Bulimia is an eating disorder that revolves around bingeing and purging cycles. Bingeing involves eating large amounts of food quickly. This might make you feel physically ill and anxious. This is followed by the need to purge. Purging can involve vomiting, holding yourself back from food, over-exercising, or using laxatives.
Bulimia is a serious psychological response to difficulties in your life. It might be triggered if you feel that parts of your life are out of control or if you have a lot of troubling emotions.
The exact cause of bulimia is unknown. Many factors could play a role in someone developing an eating disorder. These factors include genetics, biology, emotional health, expectations from society, and more.
Girls and women are more likely to have bulimia than boys and men. Other genders also experience bulimia but there is a lack of available information about how often this happens. Bulimia often begins in the late teens or early adulthood.
Bulimia can seriously damage your body, so it’s important to get help and find other ways of coping with stressors.
Here are some common symptoms for those with bulimia:
Bulimia is a serious condition, but there’s lots of help available.
If you’re concerned about bulimia nervosa, you’re not alone.
Take the first step. Talk to someone you like and trust. This can be a teacher, relative, counsellor or friend. You can start by just asking some questions. Gathering information can help you ease into the conversation if you are not comfortable sharing details right away.
It’s really important to get help quickly. Bulimia can cause long-term damage to your body. Remember, bulimia can happen to anyone and is not your fault.
You could also go and talk to your doctor. They may refer you to Child and Adolescent Mental Health Services (CAMHS), where an expert on youth mental health can support you.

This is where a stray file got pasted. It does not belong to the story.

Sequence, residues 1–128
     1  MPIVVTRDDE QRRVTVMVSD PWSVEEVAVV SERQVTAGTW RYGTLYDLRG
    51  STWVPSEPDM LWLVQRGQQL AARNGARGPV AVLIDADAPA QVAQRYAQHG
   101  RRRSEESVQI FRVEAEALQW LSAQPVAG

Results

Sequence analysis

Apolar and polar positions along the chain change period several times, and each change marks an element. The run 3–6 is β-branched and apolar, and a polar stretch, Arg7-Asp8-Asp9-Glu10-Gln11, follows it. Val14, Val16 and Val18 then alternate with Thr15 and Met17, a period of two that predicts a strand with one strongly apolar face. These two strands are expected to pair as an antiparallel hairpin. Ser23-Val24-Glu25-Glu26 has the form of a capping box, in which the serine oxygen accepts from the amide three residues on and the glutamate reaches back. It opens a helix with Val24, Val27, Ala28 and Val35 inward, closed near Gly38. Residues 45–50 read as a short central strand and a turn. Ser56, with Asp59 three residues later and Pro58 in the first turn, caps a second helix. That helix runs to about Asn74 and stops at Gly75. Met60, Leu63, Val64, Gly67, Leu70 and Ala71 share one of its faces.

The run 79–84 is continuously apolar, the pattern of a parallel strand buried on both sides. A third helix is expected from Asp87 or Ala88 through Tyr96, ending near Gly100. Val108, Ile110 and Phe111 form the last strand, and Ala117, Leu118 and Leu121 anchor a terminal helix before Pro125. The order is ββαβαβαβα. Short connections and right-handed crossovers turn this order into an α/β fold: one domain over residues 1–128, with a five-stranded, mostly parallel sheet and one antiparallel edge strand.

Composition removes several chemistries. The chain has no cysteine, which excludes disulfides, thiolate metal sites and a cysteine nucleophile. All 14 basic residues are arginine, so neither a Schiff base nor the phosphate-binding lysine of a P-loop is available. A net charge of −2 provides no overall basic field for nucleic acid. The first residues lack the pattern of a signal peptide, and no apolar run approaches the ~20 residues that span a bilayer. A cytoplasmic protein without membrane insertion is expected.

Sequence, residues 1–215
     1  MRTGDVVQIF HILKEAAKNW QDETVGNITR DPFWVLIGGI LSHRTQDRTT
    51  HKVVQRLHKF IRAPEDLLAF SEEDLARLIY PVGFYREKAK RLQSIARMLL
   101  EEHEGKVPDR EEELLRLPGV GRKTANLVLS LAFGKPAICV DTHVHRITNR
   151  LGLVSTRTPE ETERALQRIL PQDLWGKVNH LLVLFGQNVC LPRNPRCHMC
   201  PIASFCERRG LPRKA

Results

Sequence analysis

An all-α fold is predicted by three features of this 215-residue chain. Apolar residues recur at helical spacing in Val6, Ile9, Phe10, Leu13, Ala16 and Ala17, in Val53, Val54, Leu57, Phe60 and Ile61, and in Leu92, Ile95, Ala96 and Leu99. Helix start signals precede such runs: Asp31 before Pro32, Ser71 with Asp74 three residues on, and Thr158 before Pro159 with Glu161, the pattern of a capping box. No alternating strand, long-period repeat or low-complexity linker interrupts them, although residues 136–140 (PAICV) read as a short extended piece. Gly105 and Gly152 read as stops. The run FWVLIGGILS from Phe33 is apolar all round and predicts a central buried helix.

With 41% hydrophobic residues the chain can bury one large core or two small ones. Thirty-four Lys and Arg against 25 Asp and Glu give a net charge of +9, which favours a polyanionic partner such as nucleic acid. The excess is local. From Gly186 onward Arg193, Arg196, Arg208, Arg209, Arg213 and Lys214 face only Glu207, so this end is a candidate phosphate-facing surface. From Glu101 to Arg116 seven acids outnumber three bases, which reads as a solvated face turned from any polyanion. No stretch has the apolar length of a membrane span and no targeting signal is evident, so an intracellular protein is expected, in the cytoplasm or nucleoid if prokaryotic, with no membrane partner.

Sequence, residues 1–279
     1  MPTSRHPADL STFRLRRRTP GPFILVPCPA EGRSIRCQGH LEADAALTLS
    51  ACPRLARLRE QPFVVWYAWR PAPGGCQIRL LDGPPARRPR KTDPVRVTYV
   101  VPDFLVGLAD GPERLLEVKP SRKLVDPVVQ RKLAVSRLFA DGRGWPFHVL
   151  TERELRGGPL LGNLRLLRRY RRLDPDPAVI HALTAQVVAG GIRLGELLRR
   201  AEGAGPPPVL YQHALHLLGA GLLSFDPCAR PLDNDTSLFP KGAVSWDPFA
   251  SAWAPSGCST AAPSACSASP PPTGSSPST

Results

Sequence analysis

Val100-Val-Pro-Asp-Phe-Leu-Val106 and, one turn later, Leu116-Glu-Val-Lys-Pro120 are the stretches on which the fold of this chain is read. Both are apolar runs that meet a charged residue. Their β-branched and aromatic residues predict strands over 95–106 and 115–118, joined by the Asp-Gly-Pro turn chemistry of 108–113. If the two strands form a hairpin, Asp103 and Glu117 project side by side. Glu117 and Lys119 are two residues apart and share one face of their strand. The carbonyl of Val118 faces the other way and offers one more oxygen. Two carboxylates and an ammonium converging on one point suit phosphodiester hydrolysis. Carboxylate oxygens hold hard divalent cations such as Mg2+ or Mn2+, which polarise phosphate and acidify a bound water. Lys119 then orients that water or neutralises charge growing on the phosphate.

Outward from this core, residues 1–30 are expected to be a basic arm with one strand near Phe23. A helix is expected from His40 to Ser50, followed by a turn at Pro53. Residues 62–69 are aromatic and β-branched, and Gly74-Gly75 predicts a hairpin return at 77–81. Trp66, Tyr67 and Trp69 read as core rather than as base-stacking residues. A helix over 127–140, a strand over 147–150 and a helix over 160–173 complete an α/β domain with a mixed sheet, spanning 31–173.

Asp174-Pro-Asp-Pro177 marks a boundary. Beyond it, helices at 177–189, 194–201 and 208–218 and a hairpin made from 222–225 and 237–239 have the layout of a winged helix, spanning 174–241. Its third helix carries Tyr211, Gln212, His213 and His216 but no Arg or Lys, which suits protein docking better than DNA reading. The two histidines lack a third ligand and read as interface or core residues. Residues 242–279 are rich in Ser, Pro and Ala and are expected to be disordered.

Our partner, EDSNA lists different options for support and treatment and describes options for getting help. Check them out here: Eating Disorder Support Network of Alberta (edsna.ca)
They also offer virtual workshops via Kickstand Connect, which you can learn about here. Sign-up for a free, virtual 1:1 mental health counselling or peer support session in the meantime.
Treatment will likely start with finding out how much the bulimia is affecting your physical and mental health. Depending on how serious things are, treatment can include:
Bulimia can usually be treated in the community. If your symptoms are severe with serious health effects, you may need treatment in a hospital. Another option that is sometimes available is a day treatment program where you continue to stay at your own home but go to a group program every day to see your treatment team.
You’ll be supported to eat healthy amounts of food. You’ll also be empowered to explore your relationship with food and eating. This support can also help you determine what your healthy weight should be. Along with the mental health treatments, you may also be offered medication. Your team may include a psychiatrist who focuses on treating young people with eating disorders.
Treatment – Eating Disorder Support Network of Alberta (edsna.ca)
Kickstand is made possible thanks to the contributions of many generous and important partners.
All information on this site is intended to provide assistance and guidance but cannot replace the care of a medical professional.